In early July, on the very same day the Pentagon announced it had completed 90 per cent of the planned withdrawal from Afghanistan, former president George W Bush sat for a rare, nationally televised interview.
“Happy birthday, Dad!” shouted his daughter Jenna Bush Hager, a co-host of the Today show.
Later in the interview, she asked: “Do you feel 75?”
“Well, it just seemed like yesterday I felt like I was 74,” said the ex-president, from his house in Maine, looking very retired in a blue polo shirt and flashing that familiar smirk.
“I wanna know,” asked the other host, Hoda Kotb, later in the segment, “if Jenna gives you really cool gifts?”
“One year she gave me a poo-poo cushion,” said Bush.
“Dad!” the former first daughter sighed. “A poo-poo cushion is not the name of it! A whoopee cushion!”
An enhanced interrogation, this was not.
When Bush left office, with his two calamitous wars still raging and only a third of Americans approving of his job performance, it would have been hard to imagine a network treating him like a goofy dad whose most noteworthy intelligence failure might be flubbing the name of a false fart bag. But a lot has happened since 2009.
Bush may have started the Iraq War on false pretences, but at least he hadn’t inspired an insurrection that turned the US Capitol into a combat zone. At least he had made efforts to distance himself from the racists and xenophobes in his party rather than cultivate their support. At least he hadn’t gone so far as to call his domestic adversaries “evil”.
“He looks like the Babe Ruth of presidents when you compare him to Trump,” former Senate majority leader and onetime Bush nemesis Harry Reid, D-Nev, says in an interview. “Now, I look back on Bush with a degree of nostalgia, with some affection, which I never thought I would do.”
“I was so aghast at Trump that I unfortunately didn’t have space left to be mad at Bush,” says Jason Kander, a Democratic politician who served in Afghanistan. “In comparison to Trump, I am able to look at Bush and say: at least that guy was trying.”
“People have a more benign, almost fond view of him – common to almost all ex-presidents,” the comic-strip artist and frequent Bush critic Garry Trudeau tells The Washington Post in an email, “and I assume he likes it that way.”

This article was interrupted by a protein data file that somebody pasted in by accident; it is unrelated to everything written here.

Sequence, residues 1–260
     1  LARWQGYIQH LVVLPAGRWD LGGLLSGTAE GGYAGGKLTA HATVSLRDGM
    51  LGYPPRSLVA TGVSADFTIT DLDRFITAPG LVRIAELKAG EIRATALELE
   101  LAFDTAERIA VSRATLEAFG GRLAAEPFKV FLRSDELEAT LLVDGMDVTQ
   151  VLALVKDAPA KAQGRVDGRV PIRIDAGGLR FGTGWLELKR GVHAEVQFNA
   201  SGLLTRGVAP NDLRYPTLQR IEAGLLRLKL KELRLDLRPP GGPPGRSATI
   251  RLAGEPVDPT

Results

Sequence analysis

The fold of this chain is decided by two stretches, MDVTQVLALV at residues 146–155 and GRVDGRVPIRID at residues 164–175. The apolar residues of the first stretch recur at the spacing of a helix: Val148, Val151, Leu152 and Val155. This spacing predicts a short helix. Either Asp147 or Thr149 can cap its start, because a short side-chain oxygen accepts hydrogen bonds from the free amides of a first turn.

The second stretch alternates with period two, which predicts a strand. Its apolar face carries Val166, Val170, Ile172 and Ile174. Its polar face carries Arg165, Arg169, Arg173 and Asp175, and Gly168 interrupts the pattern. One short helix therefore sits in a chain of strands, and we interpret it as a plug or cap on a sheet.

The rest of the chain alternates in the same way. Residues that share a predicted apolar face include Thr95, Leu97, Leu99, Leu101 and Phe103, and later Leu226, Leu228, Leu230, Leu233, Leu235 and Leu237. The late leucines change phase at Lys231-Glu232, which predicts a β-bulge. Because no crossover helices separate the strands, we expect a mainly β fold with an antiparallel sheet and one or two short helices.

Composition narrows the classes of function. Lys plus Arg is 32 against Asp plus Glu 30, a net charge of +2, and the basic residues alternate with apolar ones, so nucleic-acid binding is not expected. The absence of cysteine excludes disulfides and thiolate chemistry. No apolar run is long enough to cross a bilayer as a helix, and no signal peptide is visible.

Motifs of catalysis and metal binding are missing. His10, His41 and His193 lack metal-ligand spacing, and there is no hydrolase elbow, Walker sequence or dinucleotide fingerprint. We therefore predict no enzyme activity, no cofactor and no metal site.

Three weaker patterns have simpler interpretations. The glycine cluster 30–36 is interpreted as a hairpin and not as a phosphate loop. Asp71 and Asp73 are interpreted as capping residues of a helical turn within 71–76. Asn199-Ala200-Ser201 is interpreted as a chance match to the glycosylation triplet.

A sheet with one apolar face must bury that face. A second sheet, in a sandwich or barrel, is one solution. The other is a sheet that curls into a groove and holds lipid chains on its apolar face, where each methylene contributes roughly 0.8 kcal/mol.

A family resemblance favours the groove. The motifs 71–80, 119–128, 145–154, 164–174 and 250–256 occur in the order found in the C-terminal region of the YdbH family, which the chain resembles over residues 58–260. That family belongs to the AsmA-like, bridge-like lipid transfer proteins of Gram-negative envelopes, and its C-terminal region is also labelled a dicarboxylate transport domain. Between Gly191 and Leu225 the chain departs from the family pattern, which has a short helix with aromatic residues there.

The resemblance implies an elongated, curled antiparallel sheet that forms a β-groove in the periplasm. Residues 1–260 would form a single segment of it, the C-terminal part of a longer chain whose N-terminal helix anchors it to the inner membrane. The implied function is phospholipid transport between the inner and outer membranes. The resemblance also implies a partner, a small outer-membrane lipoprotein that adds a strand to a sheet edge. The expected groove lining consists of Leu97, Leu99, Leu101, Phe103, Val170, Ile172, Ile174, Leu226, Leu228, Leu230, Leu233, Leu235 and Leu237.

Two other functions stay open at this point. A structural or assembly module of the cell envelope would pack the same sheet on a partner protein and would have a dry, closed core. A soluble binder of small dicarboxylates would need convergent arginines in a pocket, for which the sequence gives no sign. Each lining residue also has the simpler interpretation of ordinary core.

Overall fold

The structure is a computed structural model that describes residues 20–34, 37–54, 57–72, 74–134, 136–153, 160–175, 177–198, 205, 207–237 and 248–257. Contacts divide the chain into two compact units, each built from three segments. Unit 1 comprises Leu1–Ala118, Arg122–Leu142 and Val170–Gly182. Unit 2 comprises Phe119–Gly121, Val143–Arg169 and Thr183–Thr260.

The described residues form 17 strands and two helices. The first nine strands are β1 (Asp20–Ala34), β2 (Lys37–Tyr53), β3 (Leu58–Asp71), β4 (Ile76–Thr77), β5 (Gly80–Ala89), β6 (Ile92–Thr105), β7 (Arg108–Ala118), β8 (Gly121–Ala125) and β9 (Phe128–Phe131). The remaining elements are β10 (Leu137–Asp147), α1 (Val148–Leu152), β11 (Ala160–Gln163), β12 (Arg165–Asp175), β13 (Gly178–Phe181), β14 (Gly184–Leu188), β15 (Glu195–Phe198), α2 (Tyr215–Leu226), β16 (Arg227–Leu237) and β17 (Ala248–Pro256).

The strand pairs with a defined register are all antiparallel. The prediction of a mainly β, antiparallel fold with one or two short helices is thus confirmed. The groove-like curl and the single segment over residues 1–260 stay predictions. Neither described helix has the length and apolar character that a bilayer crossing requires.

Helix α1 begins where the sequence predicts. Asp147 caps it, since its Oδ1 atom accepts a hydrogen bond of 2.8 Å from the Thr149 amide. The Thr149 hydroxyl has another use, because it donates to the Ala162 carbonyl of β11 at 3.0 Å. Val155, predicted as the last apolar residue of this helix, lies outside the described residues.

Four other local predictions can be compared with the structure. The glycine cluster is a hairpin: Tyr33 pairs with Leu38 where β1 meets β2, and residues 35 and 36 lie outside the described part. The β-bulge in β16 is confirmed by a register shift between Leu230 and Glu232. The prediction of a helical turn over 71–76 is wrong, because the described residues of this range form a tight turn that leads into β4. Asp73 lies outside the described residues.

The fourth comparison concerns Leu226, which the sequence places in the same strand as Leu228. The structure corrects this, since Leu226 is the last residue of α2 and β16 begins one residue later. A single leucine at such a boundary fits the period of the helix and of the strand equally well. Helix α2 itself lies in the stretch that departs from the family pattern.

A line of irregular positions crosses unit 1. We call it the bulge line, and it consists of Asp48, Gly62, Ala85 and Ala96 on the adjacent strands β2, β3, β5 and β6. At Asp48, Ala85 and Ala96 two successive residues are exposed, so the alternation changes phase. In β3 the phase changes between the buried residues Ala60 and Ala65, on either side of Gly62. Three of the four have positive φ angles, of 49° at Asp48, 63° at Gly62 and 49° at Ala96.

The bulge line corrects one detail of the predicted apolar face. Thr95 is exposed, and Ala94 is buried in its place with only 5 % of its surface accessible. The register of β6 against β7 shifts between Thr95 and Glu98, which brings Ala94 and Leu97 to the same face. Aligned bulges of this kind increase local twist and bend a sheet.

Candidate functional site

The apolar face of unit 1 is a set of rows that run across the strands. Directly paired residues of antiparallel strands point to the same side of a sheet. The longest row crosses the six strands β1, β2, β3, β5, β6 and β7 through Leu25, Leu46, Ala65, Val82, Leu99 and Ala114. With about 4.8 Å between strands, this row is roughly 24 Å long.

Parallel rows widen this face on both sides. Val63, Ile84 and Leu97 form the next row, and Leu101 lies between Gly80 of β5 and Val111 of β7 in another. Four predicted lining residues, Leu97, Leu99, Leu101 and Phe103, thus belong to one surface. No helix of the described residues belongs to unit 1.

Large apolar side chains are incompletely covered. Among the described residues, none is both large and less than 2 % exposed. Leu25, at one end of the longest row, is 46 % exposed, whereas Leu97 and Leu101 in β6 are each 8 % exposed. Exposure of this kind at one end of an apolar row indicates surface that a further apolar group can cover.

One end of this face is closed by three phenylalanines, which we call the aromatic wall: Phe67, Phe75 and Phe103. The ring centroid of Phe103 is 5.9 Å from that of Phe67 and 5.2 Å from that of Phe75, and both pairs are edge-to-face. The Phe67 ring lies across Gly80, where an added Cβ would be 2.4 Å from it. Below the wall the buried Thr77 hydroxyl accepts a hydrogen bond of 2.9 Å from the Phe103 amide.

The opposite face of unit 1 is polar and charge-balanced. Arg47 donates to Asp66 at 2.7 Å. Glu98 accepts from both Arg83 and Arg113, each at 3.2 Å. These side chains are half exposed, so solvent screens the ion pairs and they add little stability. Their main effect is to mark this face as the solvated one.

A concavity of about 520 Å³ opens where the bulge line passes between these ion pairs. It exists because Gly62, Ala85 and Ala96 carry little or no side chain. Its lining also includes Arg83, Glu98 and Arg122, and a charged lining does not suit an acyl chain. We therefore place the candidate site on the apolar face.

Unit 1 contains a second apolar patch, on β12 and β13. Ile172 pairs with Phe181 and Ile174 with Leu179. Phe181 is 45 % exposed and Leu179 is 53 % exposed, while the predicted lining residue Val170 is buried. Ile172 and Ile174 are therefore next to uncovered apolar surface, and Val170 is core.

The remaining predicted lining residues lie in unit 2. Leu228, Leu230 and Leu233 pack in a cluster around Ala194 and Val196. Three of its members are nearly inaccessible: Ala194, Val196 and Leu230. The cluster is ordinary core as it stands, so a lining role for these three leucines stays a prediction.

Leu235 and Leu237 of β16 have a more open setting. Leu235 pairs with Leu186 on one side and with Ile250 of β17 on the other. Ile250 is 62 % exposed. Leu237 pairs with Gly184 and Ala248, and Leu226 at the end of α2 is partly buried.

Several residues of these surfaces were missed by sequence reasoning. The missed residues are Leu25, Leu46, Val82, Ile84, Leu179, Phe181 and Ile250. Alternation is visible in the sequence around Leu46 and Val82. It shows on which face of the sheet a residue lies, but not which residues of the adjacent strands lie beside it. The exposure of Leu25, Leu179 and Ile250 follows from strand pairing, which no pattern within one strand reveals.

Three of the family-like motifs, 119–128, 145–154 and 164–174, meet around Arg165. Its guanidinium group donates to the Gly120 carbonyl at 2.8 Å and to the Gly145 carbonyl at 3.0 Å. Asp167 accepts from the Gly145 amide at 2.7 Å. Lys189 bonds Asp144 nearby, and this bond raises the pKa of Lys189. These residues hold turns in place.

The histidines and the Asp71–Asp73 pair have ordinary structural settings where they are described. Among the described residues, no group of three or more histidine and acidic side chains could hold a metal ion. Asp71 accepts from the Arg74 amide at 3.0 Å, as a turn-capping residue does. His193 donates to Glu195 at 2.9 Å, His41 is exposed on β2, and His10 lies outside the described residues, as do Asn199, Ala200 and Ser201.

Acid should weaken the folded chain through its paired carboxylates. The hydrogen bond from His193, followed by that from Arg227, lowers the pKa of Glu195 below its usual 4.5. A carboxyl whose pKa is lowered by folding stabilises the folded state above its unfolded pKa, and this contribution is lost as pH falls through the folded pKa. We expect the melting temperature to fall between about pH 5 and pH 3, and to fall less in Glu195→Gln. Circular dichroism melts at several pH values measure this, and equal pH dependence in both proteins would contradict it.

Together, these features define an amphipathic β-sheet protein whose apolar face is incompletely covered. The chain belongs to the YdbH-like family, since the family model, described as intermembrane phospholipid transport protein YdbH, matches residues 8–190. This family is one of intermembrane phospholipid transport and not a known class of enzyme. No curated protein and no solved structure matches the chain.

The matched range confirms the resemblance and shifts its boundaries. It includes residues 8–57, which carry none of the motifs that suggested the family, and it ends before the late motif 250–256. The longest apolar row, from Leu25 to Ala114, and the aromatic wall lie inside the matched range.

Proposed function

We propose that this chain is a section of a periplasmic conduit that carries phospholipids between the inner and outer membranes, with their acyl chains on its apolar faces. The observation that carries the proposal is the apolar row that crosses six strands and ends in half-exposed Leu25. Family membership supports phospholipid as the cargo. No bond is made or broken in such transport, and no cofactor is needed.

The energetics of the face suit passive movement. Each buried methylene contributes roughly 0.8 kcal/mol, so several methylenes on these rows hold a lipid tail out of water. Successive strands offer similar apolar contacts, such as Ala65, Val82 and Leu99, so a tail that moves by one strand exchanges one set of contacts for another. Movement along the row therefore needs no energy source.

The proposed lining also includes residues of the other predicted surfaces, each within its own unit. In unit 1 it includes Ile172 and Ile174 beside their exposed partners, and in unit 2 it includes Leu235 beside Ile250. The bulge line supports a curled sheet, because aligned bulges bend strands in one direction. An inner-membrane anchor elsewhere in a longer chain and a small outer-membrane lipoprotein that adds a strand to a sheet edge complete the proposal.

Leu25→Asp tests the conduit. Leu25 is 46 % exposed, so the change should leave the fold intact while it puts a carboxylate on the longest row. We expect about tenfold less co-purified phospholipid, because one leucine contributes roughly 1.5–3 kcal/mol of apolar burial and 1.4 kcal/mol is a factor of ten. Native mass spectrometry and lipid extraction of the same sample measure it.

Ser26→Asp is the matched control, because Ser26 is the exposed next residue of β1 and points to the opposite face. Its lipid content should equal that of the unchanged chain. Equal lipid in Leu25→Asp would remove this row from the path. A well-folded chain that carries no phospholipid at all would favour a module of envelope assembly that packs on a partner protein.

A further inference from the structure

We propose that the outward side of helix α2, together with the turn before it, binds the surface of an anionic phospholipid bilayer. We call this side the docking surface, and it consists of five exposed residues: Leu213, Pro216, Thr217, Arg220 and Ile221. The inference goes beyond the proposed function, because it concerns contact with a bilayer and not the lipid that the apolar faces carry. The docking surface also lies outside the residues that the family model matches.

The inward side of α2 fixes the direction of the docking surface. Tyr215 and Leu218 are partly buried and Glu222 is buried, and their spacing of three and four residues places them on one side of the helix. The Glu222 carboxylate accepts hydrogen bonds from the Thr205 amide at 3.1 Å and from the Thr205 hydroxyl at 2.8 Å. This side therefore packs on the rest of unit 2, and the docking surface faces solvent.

Behold, the incredible disappearing Dubya.
The former boogeyman of the American left, once viewed as rash, incurious and overly trusting of his gut, has been eclipsed by an even more absurd, menacing figure.
Meanwhile, the American right has kicked him down the same memory hole as his father.
When Bush does appear in public, he presents as harmless and affable: sharing hard candies with Michelle Obama, or hanging out at a Dallas Cowboys game with Ellen DeGeneres.
Now, the Today anchors were questioning the ex-president, who famously had taken up painting in retirement, on the accuracy of a portrait he had made of his daughter. “Can you just try to thin out my face a little bit?” Bush Hager asked.
“Look,” Bush chuckled. “I can only paint it the way it is, hon.”
Not that Bush seems to mind the recent alterations to his own portrait.
There are many who couldn’t forget the ugliest parts of his legacy if they tried: the tortured, the dead, the bereaved. More than 7,000 US service members killed in Afghanistan and Iraq, according to Brown University’s Watson Institute for International and Public Affairs, along with tens of thousands of civilians. And yet, as the American military presence in Afghanistan comes to an end just ahead of the 20th anniversary of the terrorist attack that launched it, it can feel like Bush’s most successful war is the one over his reputation.
“Oh, man,” Bush told the Today hosts when they reached him on his birthday. “How lucky am I?”
“How can anyone agree to be part of the rehabilitation of George Bush?”
It’s been 17 years since Cindy Sheehan lost her son, Casey, on an Iraq battlefield, and she’s angry that others who had survived that Bush war had agreed to be subjects for the ex-president’s 2017 book of portraits of military veterans.
“First of all, I’m not an art critic,” Sheehan says in a recent phone call. “But his paintings are terrible.” It’s not just the quality, but the complicity. “How could anyone sit for those portraits,” she says, “let alone people who were sent to war based on his lies?”
Sheehan was an anti-war activist – or, rather, the Bush presidency had turned her into one. Sheehan spent weeks in 2005 camped outside of Bush’s home in Crawford, Texas, demanding a meeting with the president, often surrounded by camera crews and thousands of other protesters. When Bush left office, Sheehan says, many of her friends told her to move on.
Impossible, she says.
“I don’t think Bush deserves a quiet retirement,” she says. “I don’t think he deserves people like Ellen DeGeneres sitting next to him and giving him legitimacy like he’s just some nice guy. I don’t think he deserves the rehabilitation or softening of his image. I think he belongs in prison.”
“Only in America can a war criminal reinvent himself as the new Bob Ross,” says Michael Moore, the lefty documentarian whose 2003 movie Fahrenheit 9/11 took a critical look at Bush’s presidency.
It’s been a tumultuous, let’s say, six years, where it’s been hard to keep track of the scandals and blunders from the previous week, let alone those from more than 13 years ago. It’s a lot to ask for people to remember how long Bush stayed on vacation before turning his attention to Hurricane Katrina, or how his administration started a war with Iraq under the false pretence that it had weapons of mass destruction, and had memos drafted to allow torture to be used as an intelligence-gathering technique.